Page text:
5. During the pandemic years, the nonexpansion states (a shrinking pool) have accounted for the vast bulk of marketplace enrollment growth. That’s true so far in this OEP, even though Florida and Texas, the behemoths driving enrollment growth in the post-ARPA era, are either below or right at the national average growth so far this OEP. Totals for the nonexpansion states (excluding North Carolina, which has expanded as of Dec. 1**) are below.

                  OEP Week 5: 2023 vs. 2024 - Nonexpansion states

    1. Four of the nine nonexpansion states are among the 12 states where, as Gaba notes, enrollment is more than 50% higher than the same point last year (with Alabama just below the threshold). Ten are on the federal exchange (TN, OH, WV, LA, IN, SC, AR, OK, GA, MO) and two are SBMs (DC and Rhode Island). See Gaba for a complete listing of state enrollment tallies.

      6. As I noted recently, the increased engagement of brokers in the marketplace, and brokers’ increased use of commercial Enhanced Direct Enrollment (EDE) platforms, may be facilitating enrollment growth. In 2023, more than 70% of active enrollments in states were broker-assisted. The dominant EDE, HealthSherpa, serving thousands of brokers and running a number of insurers’ direct enrollment platforms, claims as of December 4 to have executed 4 million enrollments in states, or well more than half of the 6.5 million in states tallied through December 4 (up from about 35% in 2023). It appears that more enrollments are processed through HealthSherpa than directly on — or any other exchange. To date, no SBMs enable EDE or its predecessor DE (Direct Enrollment, which required a trip through for subsidy processing), while more than 80% of broker-assisted enrollments on are via DE or EDE.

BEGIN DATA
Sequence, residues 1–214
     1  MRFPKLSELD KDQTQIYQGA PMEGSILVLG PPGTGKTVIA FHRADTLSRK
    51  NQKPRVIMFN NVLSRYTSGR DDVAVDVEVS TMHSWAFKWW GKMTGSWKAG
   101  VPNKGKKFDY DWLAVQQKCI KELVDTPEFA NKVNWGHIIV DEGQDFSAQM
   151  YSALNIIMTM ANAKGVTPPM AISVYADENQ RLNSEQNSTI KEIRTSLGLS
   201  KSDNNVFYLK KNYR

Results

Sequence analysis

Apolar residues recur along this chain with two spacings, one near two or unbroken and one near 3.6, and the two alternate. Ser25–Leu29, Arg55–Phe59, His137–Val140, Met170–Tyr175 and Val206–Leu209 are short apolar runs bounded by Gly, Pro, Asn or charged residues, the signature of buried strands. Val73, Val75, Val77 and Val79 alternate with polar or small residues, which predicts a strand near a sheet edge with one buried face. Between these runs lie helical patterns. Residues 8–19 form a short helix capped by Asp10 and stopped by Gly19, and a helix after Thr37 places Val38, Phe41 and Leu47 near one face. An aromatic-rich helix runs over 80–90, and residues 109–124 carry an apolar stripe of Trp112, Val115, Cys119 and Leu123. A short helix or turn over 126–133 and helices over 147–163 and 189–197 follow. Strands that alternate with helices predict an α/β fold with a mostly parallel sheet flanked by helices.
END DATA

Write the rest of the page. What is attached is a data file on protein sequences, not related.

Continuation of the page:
7. Boosted by ARPA, the marketplace is approaching its intended purpose: covering most of those who lack access to other affordable insurance. It would be a real shame if the ARPA boosts were allowed to expire in 2026, as scheduled. It’s hard to see how they can be extended if Republicans retain the House or Senate, let alone the presidency.

    Postscript: Just for fun: if the ratio between the year-over-year increase in Week 5 and the YoY increase at the end of OEP this year is the same as last year (no real reason it should be - there are a lot of vagaries in the reporting), enrollment at the end of OEP for 2024 would be 20.9 million. Last year, Gaba reported the Week 5 YoY increase as 17.9%, but if he had adjusted for an extra day in OEP 2022 it would have been 21.6%, by my calculation. End-of-OEP enrollment was up 12.7%. If that ratio between Week 5 and end-of-OEP were to hold, enrollment this year would be up about 22.8% from 16,357,030 for OEP 2023.


    * In New York and Minnesota, low-income enrollees go to the states’ Basic Health Programs rather than to marketplace, and some 120,000 “unwinding” applicants have enrolled in the BHPs (vs. 181,000 in QHPs). The BHP enrollments don’t affect the reported percentages of QHP-eligibles who enroll.

    ** North Carolina will transfer marketplace enrollees with income below the 138% FPL Medicaid eligibility threshold to Medicaid.—-